The pop star touched on exercise addiction in a recent Instagram post.

Singer Ellie Goulding addressed her experience with dependency on exercise, which she described as “not worth it.” 

In a recent Instagram post, the Grammy-nominated singer shared a photo of herself, which was accompanied by text that in part read, “Ah good #memories of being addicted to the gym. Not worth it . . .” 

Goulding, who has also struggled with panic attacks, said that while she continues to maintain an exercise regimen, she approaches it in an entirely different manner that encompasses boxing. 

Goulding, whose most recent solo recording was the Top 20 UK single “Still Falling for You,” clarified what she meant about her previous exercise routine by adding, “It was just kind of miserable.” 

According to a study by Northwestern University, approximately 3% of people who exercise on a regular basis have a dependency on exercise, which can be defined by physical or psychological symptoms like depression, anger or confusion brought on by missing a single day of exercise.

In coverage of Goulding’s post Bustle cited Heather Hausenblas, a professor at Jacksonville University’s department of kinesiology, who noted that regular or even advanced levels of exercise don’t indicate an addiction to exercise.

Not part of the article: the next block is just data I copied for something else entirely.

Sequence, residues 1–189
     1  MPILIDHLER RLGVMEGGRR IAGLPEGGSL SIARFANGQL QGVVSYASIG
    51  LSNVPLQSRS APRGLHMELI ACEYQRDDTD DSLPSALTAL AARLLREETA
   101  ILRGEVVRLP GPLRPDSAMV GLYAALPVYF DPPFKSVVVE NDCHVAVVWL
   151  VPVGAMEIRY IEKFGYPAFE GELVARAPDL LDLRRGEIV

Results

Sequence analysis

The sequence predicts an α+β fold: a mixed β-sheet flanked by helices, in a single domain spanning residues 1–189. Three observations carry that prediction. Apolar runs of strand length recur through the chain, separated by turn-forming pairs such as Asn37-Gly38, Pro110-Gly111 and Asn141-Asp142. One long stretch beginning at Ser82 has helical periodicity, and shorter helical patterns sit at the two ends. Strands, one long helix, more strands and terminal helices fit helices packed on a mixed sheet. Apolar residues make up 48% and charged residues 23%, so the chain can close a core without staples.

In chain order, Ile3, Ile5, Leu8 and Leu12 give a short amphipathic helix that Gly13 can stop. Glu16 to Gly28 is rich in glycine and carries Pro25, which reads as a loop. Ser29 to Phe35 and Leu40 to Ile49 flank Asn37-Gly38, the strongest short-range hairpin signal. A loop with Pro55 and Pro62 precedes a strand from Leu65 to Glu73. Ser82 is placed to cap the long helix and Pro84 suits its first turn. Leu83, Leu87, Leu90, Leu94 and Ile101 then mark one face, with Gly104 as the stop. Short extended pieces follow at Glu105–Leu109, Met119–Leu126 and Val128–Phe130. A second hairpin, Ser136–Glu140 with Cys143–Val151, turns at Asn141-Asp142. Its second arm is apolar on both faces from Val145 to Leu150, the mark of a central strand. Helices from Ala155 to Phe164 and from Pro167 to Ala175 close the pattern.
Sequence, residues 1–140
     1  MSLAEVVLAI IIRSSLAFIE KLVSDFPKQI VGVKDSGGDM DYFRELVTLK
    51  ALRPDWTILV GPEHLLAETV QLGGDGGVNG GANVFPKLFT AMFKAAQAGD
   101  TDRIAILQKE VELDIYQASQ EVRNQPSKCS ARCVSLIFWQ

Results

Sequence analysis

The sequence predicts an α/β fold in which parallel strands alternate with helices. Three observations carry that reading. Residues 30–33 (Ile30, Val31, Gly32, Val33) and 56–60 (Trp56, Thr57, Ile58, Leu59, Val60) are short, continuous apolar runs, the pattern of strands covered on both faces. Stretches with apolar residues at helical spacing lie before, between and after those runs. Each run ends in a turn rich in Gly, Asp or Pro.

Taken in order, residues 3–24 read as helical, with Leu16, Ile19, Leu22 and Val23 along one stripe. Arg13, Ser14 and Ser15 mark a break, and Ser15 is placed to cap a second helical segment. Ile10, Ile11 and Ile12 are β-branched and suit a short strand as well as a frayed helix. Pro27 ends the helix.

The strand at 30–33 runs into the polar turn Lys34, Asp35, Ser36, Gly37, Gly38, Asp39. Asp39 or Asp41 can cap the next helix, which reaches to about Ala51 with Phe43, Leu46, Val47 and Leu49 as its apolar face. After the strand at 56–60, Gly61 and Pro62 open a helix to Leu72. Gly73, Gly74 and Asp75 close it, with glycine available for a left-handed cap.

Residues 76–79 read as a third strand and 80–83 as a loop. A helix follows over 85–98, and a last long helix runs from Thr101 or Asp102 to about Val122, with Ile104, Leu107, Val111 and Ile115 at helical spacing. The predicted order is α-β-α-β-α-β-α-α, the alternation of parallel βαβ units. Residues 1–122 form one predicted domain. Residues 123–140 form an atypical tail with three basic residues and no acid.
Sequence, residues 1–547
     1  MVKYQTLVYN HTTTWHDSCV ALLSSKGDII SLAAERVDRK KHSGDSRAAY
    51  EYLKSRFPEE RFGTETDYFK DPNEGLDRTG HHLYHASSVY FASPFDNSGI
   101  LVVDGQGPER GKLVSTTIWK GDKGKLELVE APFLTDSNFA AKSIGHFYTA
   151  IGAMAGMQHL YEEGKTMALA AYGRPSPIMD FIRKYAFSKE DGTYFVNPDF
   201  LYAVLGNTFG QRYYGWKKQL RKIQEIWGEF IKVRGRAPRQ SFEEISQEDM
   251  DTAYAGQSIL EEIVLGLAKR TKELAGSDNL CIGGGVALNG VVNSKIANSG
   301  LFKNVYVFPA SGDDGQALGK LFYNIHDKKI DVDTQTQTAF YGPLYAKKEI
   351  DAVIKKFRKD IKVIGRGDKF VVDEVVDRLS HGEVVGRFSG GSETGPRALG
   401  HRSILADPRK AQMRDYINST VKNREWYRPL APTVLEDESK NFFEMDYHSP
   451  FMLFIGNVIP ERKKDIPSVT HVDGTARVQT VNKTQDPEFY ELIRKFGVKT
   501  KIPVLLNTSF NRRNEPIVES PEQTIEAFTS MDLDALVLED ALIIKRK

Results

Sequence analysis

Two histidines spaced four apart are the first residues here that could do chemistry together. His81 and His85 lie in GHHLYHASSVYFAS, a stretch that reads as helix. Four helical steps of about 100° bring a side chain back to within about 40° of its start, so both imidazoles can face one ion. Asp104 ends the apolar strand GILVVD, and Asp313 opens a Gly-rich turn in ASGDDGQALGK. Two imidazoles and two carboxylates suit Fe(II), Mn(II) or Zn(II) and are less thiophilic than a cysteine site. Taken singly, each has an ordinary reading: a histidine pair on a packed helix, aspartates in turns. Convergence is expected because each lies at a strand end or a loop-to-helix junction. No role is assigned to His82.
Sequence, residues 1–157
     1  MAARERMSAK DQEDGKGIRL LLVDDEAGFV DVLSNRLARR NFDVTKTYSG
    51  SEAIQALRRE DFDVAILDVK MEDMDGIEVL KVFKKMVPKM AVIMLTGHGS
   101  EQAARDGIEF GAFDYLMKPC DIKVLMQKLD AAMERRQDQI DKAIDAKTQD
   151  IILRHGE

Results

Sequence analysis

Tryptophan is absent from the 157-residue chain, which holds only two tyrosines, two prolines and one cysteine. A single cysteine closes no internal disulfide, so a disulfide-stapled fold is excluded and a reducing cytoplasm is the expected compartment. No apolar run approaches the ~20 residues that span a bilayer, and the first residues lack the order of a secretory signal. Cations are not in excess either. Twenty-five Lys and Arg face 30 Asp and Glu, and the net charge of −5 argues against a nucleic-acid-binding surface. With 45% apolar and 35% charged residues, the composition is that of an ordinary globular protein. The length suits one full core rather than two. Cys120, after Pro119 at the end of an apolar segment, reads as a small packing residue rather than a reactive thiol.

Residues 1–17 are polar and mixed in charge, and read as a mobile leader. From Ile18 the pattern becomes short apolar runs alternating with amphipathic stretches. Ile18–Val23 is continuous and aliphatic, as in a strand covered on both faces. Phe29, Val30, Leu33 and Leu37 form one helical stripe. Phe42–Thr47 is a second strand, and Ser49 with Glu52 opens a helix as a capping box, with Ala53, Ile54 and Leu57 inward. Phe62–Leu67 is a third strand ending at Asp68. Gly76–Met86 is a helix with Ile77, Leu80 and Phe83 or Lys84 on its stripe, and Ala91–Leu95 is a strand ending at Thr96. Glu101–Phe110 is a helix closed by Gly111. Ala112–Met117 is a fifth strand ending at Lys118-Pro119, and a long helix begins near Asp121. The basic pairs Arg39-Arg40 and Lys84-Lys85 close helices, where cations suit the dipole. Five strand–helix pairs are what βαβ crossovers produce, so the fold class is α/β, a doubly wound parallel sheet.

Rather, it’s the feelings that arise as a result of breaking the routine and the drive for people to change their lives in order to work out and quash those feelings that qualifies as a dependency.

Goulding has mentioned that in the past, intense emotions have driven her to seek solace in music. “It was the ultimate companion – the strongest remedy for any kind of pain or sadness,” she said. “Often it was the only way I’d be able to say what I wanted to say or describe how I was feeling.”

Exercise also became a means of contending with difficult emotions, including anxiety and panic attacks. But after a period of intensity – “I used to be harder on myself,” she told The CUT in 2018 – she has become better educated on healthy practices and feels “more confident than ever now, which is an amazing feeling.”

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“To work out is being respectful to your body,” noted Goulding. “It’s a way of paying back and saying thank you for keeping me alive and for giving me such an amazing opportunity to live and breathe.”

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